A:

Stock dilution occurs when company actions reduce the ownership percentage of current shareholders. Dilutive stock is any security that generates this reduction..The reason why dilutive stock has negative connotations is quite simple: a company's shareholders are its owners and anything that decreases an investor's level of ownership also decreases the value of the investor's holdings.

Ownership can be diluted in a number of ways:

1. Secondary Offerings: For example, if a company had a total of 100 shares on the market and its management issues another 100 shares, the owners of the first 100 shares would face a 50% dilution factor. In a real life example, consider the secondary offering made by Lamar Advertising in 2018. The company decided to issue more than 6 million shares of common stock, diluting then-current holdings of 84-million shares.

2. Convertible Debt/Convertible Equity: When a company issues convertible debt, it means that debt holders who choose to convert their securities into shares will dilute current shareholders' ownership. In many cases, convertible debt converts to common stock at some sort of preferential conversion ratio. For example, each $1,000 of convertible debt may convert to 100 shares of common stock, thus decreasing current stockholders' total ownership.

Convertible equity is often called convertible preferred stock. These kinds of shares usually convert to common stock on some kind of preferential ratio - for example, each convertible preferred stock may convert to 10 shares of common stock, thus also diluting ownership percentages of the common stockholders.

3. Warrants, Rights, Options and other claims on security: When exercised, these derivatives are exchanged for shares of common stock that are issued by the company to its holders. Information about dilutive stock, options, warrants, rights and convertible debt and equity can be found in a company's annual filings.

For more information on shareholder dilution and its costs, check out Accounting And Valuing ESOs.

RELATED FAQS
  1. Why is a company's diluted EPS always lower than its simple EPS?

    Learn about diluted and basic earnings per share and why a company's diluted earnings per share is usually lower than its ... Read Answer >>
  2. Earnings Per Share (EPS) Versus Diluted EPS

    Is EPS worth more than Diluted EPS? Learn about EPS vs diluted EPS, how they are calculated, and the difference between the ... Read Answer >>
  3. Where Does Stock From Convertible Bonds Come From?

    Convertible bonds are considered a combination of debt and equity. Find out how a debt instrument converts into shares of ... Read Answer >>
  4. What are the differences between dilutive securities and antidilutive securities?

    Learn how investors and accountants apply the terms "dilutive" and "antidilutive" to securities or the exercise of security ... Read Answer >>
  5. The share price and company's secondary offering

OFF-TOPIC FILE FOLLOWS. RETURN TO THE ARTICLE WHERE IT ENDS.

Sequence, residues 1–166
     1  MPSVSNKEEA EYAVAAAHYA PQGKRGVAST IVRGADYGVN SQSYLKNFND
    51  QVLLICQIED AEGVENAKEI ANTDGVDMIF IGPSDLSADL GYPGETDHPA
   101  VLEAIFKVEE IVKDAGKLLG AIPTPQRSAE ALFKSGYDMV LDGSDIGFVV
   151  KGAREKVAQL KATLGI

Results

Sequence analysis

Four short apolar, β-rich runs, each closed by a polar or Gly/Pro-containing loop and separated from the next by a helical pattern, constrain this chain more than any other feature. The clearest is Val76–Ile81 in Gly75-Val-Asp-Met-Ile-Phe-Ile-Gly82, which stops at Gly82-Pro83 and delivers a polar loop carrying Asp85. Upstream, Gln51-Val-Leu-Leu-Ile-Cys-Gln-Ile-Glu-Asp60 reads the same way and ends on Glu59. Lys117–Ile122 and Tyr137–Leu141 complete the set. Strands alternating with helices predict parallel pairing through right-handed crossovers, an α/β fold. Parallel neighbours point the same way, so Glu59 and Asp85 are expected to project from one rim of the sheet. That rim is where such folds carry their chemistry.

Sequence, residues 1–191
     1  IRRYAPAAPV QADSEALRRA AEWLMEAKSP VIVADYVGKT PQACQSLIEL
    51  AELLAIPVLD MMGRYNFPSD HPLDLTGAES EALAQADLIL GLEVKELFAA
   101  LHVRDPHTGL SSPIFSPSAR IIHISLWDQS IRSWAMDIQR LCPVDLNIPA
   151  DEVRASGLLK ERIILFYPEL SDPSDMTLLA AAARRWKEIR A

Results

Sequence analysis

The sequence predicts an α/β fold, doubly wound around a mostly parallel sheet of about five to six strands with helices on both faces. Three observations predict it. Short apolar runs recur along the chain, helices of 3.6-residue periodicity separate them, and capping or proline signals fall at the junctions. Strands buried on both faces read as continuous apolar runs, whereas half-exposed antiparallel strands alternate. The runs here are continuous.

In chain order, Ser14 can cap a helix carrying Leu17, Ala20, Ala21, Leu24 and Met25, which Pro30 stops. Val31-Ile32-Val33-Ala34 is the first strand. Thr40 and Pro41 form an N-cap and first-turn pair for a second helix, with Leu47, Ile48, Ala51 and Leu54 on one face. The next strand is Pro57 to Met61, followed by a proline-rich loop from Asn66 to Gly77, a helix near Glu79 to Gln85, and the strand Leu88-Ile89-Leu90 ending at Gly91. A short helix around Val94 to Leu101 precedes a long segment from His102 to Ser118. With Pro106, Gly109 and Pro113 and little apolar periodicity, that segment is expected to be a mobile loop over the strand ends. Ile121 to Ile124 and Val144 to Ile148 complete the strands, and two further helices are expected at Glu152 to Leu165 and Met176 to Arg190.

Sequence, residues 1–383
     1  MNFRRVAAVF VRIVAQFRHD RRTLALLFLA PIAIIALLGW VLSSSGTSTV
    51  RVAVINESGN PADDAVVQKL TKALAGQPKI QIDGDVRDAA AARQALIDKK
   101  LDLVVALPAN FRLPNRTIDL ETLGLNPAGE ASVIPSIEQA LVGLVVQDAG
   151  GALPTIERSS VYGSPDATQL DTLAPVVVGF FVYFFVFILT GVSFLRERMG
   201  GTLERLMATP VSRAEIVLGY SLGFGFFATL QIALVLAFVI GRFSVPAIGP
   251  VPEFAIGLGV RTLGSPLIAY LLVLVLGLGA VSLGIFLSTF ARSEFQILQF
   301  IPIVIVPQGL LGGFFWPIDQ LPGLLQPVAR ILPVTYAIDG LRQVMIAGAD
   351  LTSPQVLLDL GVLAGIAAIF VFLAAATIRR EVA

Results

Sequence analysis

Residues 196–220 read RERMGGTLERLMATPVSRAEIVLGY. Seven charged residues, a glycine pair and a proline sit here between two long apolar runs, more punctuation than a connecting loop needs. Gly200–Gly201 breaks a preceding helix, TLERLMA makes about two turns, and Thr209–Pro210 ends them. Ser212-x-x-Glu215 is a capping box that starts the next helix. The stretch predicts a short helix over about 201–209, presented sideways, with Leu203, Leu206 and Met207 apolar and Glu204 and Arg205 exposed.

When a company increases the number of shares issued through a secondary offering, it generally has a negative effect on ... Read Answer >>
Related Articles
  1. Investing

    The Dangers of Share Dilution

    Investors need to be aware of dilutive securities and how they can affect existing shareholders.
  2. Investing

    Convertible bonds: pros and cons for companies and investors

    Understand what effect convertible bonds have on investors and companies. Find out the advantages, disadvantages, and what the issue means from a corporate standpoint before buying in.
  3. Investing

    Investment Valuation Ratios

    Learn about per share data, price/book value ratio, price/cash flow ratio, price/earnings ratio, price/sales ratio, dividend yield and the enterprise multiple.
  4. Investing

    Assess Shareholder Wealth With EPS

    Find out if management is doing its job of creating profit for investors.
  5. Investing

    3 Best High-Yielding Convertible Bond ETFs (CWB, ICVT)

    Discover how convertible bond ETFs can offer investors growth and income while hedging fixed income portfolios in a rising rate environment.
  6. Investing

    The Top 3 Convertible Bond ETFs for 2016 (CWB, ICVT)

    Obtain detailed information on the exchange-traded funds (ETFs) available for traders seeking ETF exposure to convertible bond investments.
  7. Investing

    Leverage Your Returns With A Convertible Hedge

    Find out how you can maintain your income stream by using this type of bond strategy.
  8. Investing

    Why This Convertible Bond ETF Is Surging

    This convertible bond ETF is delivering impressive returns, but it has some risks too.
RELATED TERMS
  1. Diluted Earnings Per Share - Diluted EPS

    Diluted EPS is a performance metric used to assess a company's ...
  2. Dilution Protection

    Dilution protection is a provision that seeks to protect shareholders ...
  3. Market Conversion Price

    The cost of converting a convertible security into a common stock, ...
  4. Convertibles

    Convertibles are securities, such as bonds, that can be turned ...
  5. Conversion Ratio

    The conversion ratio is the number of common shares received ...
  6. Convertible Preferred Stock

    Convertible preferred stock includes an option for the holder ...
Trading Center